CHARLESTON, W.Va. — House Speaker Roger Hanshaw says it’s likely lawmakers will consider a new impeachment article next week, focusing on Justice Allen Loughry’s federal conviction.

“That’s up to the governor,” Hanshaw said on MetroNews’ “Talkline.” “We do anticipate being called into special session while we’re in town for interim meetings next week.”

Much of the talk has focused on a special session being called for Tuesday. This would align with regularly-scheduled legislative interim meetings, which already have a modest agenda.

Hanshaw suggested that impeaching Loughry based on his conviction could take place relatively quickly.

The saga of Loughry’s impeachment is long and winding.

The former chief justice has been suspended from the state Supreme Court but, technically, remains a part of it.

He was convicted last month on 11 federal counts of wire fraud, witness tampering and lying to federal investigators.

A couple of weeks ago, reporters asked Governor Justice whether he’d given thought to calling a special session for Loughry’s impeachment.

At the time, the governor said he would like to hear more from the Senate and the House of Delegates about how they want to proceed.

“I’ve thought a lot about it, and it’s terribly unfortunate in many ways — especially unfortunate to the state of West Virginia,” Justice said.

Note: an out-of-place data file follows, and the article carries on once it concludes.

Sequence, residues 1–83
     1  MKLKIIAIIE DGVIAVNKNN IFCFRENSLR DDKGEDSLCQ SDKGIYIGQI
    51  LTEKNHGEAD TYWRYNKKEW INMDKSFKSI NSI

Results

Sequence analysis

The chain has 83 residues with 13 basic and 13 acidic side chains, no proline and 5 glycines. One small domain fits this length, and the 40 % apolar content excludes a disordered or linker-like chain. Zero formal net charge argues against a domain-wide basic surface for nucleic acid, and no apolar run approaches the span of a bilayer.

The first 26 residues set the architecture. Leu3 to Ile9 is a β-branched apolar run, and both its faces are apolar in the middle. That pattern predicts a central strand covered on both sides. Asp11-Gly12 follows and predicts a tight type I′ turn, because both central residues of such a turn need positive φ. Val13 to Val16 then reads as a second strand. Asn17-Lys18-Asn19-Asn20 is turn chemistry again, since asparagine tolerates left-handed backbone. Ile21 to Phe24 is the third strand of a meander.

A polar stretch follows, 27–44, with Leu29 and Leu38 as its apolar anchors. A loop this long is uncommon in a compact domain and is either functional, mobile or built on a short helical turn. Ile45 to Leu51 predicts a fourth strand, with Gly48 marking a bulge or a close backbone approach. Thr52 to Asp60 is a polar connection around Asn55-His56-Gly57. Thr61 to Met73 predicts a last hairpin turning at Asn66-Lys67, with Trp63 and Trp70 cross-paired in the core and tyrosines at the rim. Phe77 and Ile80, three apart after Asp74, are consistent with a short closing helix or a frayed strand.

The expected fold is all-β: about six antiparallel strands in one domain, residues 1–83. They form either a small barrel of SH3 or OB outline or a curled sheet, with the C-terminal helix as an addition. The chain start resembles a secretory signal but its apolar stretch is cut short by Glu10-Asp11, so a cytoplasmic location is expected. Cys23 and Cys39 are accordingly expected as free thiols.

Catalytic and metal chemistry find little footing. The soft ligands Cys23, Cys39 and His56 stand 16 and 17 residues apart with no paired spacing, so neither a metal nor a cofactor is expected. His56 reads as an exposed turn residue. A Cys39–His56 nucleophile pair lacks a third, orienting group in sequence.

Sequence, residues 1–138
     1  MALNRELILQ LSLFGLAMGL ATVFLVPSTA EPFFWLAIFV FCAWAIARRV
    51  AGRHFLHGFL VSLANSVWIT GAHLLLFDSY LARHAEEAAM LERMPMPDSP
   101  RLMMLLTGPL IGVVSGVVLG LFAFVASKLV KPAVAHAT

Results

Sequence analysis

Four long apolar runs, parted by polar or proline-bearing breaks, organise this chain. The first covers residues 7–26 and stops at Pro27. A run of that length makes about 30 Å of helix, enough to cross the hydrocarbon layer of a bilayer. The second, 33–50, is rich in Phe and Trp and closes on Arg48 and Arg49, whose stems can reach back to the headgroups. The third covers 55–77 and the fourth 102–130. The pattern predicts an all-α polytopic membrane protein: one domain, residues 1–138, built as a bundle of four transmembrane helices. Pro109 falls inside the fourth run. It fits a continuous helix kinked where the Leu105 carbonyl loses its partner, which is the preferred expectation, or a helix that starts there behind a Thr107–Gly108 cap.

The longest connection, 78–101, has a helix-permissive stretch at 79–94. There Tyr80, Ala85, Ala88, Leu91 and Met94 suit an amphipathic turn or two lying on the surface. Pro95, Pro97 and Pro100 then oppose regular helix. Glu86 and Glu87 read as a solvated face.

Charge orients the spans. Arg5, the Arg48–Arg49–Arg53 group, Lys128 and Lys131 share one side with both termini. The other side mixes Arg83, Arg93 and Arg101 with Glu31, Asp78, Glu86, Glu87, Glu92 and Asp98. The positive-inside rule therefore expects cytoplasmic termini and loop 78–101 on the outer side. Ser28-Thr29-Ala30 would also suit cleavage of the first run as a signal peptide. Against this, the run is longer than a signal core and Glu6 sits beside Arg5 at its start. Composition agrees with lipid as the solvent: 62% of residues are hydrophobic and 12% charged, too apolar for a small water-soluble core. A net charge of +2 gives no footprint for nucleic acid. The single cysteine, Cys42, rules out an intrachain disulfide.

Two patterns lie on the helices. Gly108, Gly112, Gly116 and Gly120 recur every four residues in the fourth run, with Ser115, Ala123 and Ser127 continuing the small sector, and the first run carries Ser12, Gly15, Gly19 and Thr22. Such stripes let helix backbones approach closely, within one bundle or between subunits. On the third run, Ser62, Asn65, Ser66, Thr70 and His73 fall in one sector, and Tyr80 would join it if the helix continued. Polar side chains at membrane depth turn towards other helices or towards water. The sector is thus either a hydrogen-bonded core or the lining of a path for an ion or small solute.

“I wish to goodness that Justice Loughry would just do what seems to be the right thing. Now, I don’t portray to know every little detail, but it just seems the right thing is resignation and go on down the road.”

The House of Delegates earlier voted to impeach Loughry on multiple articles, and an impeachment trial was set for this month in the Senate.

But then Chief Justice Margaret Workman, who also faced impeachment articles, challenged the process in the court system.

An acting version of the Supreme Court sided with Workman’s argument, declaring her impeachment invalid on separation-of-powers grounds and concluding the House of Delegates failed to follow its own process.

The judges who formed the acting court then clarified that the same ruling would nullify Loughry’s impeachment.

So one possibility with Loughry is to start over.

A complication could be that Loughry, through his attorney, has asked for a new federal trial.

Loughry’s attorney, John Carr, has actually filed two motions for a new trial.

The first is sealed, so it’s not yet clear what grounds it states.

The second contends federal prosecutors did not actually provide enough evidence to convict Loughry beyond a reasonable doubt.

“Because the evidence introduced in this case is insufficient even in the light most favorable to the United States to sustain a conviction of the specified Counts, the Defendant respectfully requests that this Court enter a judgement of acquittal on these Counts, and Order a new trial on any remaining Counts,” Carr wrote.

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